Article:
Like so many Canucks fans, I’m a nervous, selfish wreck a week into the Canucks’ free-agent revenge tour.
But duty calls and there was an afternoon hockey game to watch today. Let’s see how that went…
Adam Gaudette and Jake Virtanen are back amongst the Canucks forwards for this afternoon’s game against the Leafs. Loui Eriksson comes out of the lineup while Tyler Motte was placed on injured reserve today. On defence, Olli Juolevi replaces Jalen Chatfield. Braden Hotlby is between the pipes for his second straight appearance.
The Canucks were in desperate need of a good start. A better start than Saturday at the very least.
And they got it.
Through the first six minutes, the Canucks made a concerted effort to keep possession of the puck by recycling their breakout and getting to dump-ins first. Adam Gaudette, Brandon Sutter, and Justin Bailey had a strong shift maintaining possession in the Leafs zone near the start of the game.
Just as the Canucks started to generate a glimmer of positive momentum, Hollyburn Huskies alumni Morgan Reilly walked right into Nate Schmidt’s attempted clearance and snapped it past Holtby. 1-0 Leafs.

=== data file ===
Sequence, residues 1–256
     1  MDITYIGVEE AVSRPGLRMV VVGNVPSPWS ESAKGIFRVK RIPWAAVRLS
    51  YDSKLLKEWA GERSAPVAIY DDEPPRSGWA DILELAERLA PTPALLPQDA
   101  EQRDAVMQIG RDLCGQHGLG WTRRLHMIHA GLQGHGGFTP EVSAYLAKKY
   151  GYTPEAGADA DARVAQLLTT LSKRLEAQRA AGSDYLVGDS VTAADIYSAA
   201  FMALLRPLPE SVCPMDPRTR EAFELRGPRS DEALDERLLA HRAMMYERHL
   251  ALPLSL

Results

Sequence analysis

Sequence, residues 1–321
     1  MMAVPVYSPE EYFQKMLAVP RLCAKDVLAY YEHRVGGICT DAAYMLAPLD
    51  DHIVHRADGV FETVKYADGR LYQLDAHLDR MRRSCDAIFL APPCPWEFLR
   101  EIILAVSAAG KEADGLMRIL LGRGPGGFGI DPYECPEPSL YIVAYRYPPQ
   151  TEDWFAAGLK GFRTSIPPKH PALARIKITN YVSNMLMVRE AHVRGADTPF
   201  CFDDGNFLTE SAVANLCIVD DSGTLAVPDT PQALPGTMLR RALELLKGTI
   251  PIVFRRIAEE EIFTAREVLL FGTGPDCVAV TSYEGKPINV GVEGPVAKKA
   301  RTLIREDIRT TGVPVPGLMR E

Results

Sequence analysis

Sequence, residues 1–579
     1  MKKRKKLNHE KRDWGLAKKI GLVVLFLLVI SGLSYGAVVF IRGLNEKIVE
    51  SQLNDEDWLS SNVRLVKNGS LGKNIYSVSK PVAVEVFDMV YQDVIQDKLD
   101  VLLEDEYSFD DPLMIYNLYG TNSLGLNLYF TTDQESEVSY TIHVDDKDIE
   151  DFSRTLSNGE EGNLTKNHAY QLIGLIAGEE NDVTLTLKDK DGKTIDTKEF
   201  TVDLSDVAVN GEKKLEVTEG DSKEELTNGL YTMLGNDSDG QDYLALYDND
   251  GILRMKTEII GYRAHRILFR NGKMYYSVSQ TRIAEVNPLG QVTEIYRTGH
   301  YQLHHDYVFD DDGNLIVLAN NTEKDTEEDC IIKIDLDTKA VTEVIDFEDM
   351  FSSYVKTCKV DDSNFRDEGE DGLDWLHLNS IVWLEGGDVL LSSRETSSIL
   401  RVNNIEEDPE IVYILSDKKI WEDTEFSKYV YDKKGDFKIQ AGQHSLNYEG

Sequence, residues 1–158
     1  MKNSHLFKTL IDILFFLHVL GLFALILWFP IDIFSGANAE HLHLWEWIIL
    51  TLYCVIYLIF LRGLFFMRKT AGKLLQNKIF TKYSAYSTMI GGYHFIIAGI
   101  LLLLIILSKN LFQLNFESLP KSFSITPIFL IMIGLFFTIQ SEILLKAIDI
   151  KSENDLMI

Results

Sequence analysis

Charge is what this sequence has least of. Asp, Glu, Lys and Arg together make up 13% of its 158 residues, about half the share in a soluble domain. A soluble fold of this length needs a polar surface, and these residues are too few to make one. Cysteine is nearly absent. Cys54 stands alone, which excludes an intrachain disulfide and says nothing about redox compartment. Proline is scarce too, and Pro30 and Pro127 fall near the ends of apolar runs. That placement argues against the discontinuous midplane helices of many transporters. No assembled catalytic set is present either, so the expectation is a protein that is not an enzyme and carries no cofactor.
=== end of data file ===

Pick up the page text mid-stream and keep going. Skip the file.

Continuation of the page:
Minutes later, Nils Höglander blocked a centring pass from behind his net that would have been a sure tap-in with Holtby out of position on his far post.
The Canucks got the first powerplay of the game off a Quinn Hughes foray into the offensive zone. Bo Horvat had a nice look from the TJ Oshie bumper spot but was denied. Later in the man advantage, Mitch Marner had a nifty chance forcing Holtby to make a strong save, shrugging Marner’s shot off his left shoulder.
The Canucks’ best chance of the period came in the last three minutes of the period when Justin Bailey was absolutely robbed by Frederik Andersen on a cross-ice pass from Tanner Pearson. Pearson sauced a pretty pass across to Bailey but Andersen, who stayed deep in his crease, executed a quick on-ice transition over to the right-handed Bailey, who took the pass cleanly but was not able to elevate the puck over the Toronto ‘tender’s pad.
Holtby made a vital save with a minute to go in the first, stopping Reilly point-blank from collecting his second goal of the period.